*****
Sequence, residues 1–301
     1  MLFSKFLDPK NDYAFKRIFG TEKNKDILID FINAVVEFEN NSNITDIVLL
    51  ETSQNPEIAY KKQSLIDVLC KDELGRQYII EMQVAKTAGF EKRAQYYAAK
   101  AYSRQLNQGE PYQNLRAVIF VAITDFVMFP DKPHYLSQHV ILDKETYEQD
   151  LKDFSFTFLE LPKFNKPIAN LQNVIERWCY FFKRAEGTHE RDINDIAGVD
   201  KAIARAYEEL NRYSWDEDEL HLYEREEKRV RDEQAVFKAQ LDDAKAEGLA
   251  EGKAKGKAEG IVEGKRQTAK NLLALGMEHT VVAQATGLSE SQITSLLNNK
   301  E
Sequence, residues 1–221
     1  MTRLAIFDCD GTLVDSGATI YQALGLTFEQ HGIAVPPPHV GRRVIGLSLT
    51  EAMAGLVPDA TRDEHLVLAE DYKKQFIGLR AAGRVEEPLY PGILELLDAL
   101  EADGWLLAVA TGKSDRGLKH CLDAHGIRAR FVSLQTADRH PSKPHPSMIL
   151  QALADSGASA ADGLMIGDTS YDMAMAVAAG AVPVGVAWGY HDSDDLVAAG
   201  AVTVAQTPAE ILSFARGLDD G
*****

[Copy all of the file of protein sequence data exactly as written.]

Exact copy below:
Sequence, residues 1–301
     1  MLFSKFLDPK NDYAFKRIFG TEKNKDILID FINAVVEFEN NSNITDIVLL
    51  ETSQNPEIAY KKQSLIDVLC KDELGRQYII EMQVAKTAGF EKRAQYYAAK
   101  AYSRQLNQGE PYQNLRAVIF VAITDFVMFP DKPHYLSQHV ILDKETYEQD
   151  LKDFSFTFLE LPKFNKPIAN LQNVIERWCY FFKRAEGTHE RDINDIAGVD
   201  KAIARAYEEL NRYSWDEDEL HLYEREEKRV RDEQAVFKAQ LDDAKAEGLA
   251  EGKAKGKAEG IVEGKRQTAK NLLALGMEHT VVAQATGLSE SQITSLLNNK
   301  E
Sequence, residues 1–221
     1  MTRLAIFDCD GTLVDSGATI YQALGLTFEQ HGIAVPPPHV GRRVIGLSLT
    51  EAMAGLVPDA TRDEHLVLAE DYKKQFIGLR AAGRVEEPLY PGILELLDAL
   101  EADGWLLAVA TGKSDRGLKH CLDAHGIRAR FVSLQTADRH PSKPHPSMIL
   151  QALADSGASA ADGLMIGDTS YDMAMAVAAG AVPVGVAWGY HDSDDLVAAG
   201  AVTVAQTPAE ILSFARGLDD G